Bees are trichromats, but they’ve swapped out the ability to see red for the ability to see UV light. Some primates, including spider monkeys, have vision that differs by sex, in which females have three photoreceptor types, compared to males that have two. (If you want to learn how the evolution of human eyesight was profoundly diverted by figs…read Fluke).
So far, we’ve discussed creatures with between one and four kinds of photoreceptors. But there’s one species that doesn’t mess around with such amateurs.
Do not mess with the peacock mantis shrimp
Here I shall take a brief, but awe-inspiring, detour, for we must meet an unexpected character in our story, the peacock mantis shrimp, which aren’t shrimp but are cousins of crabs and lobsters. Literary descriptions can’t do this amazing creature justice, but I shall be foolhardy and attempt one nonetheless.
Its shell is a psychedelic kaleidoscope of color, with a shimmering blue, green, and orange lobster-style back converging toward its head, which is adorned with bug-eyed baby blue eyes perched atop a stumpy stalk. Appendages sprout out of its head in a whimsical, downward drooping swoop, like the crustacean version of a Fu Manchu moustache. Its underbelly is a bright, fluorescent shock of red.
The peacock mantis shrimp is sadly less famous for its color vision and more known for its punch. And what a punch it is. I digress, but it is a worthwhile digression, because this is, by far, the most forceful punch in the animal kingdom.
The club of the peacock mantis shrimp accelerates faster than a bullet being shot out of a gun, smashing its prey with such force that it produces a shockwave by unleashing vapor-filled bubbles, which stuns the unfortunate victim, doubling the effect of the blow. In an effect known as cavitation, the club’s velocity is so great that the water around the mantis shrimp’s weapon briefly vaporizes, temporarily reaching 8,500 degrees Fahrenheit, nearly the same temperature as the surface of the sun. The club can split human thumbs and break aquarium glass.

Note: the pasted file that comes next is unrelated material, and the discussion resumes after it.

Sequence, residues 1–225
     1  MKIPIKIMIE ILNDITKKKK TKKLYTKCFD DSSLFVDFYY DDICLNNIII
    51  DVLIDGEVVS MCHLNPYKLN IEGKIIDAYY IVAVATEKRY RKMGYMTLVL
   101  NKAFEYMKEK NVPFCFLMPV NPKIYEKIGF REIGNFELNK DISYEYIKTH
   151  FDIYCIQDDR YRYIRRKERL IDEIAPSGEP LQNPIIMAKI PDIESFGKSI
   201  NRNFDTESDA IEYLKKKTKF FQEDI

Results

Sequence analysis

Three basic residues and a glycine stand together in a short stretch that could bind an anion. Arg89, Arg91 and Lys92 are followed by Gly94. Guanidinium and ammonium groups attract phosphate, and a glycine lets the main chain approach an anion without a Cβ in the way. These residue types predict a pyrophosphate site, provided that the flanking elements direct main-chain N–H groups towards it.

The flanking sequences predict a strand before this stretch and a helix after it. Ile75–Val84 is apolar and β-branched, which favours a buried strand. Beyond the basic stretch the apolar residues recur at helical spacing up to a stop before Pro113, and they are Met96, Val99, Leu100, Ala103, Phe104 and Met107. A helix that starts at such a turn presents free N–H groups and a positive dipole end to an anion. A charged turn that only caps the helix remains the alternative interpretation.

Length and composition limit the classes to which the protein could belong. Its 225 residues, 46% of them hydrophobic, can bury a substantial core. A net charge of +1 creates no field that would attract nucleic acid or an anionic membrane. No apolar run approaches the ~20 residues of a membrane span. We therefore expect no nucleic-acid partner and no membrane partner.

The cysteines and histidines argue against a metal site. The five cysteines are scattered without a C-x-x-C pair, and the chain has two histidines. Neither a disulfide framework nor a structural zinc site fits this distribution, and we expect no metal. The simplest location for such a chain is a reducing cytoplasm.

My advice is this: Do not mess with the peacock mantis shrimp.
But what’s most astonishing is the evolutionary accident of its vision, which is unlike any other species. The peacock mantis shrimp has the most elaborate visual structures known to exist in the universe.
Rather than one, two, three, or four photoreceptors, the peacock mantis shrimp has twelve.
This unleashed rampant scientific speculation: what is it like to see the world as a peacock mantis shrimp?
We have no idea. But some experiments have been disappointing. In one study in which they got peacock mantis shrimps to try to differentiate shades of color (imagine trying to do that) they performed slightly worse than humans. But there’s a lot of lingering mysteries, and scientists are baffled by the vision of the peacock mantis shrimp. We have no idea whether they perceive the world in such an alien way that we can’t even imagine it.
“Alright, Mr. Animal Trivia,” you might be shouting at your screen by now. “Thanks for all the weird factoids. But what does this mean for us?”
Well, here’s where the strange mysteries of perception overlap with our world…
The doctor who can see 100 times more colors than you
How close are we to seeing the world differently? Could we have more photoreceptors?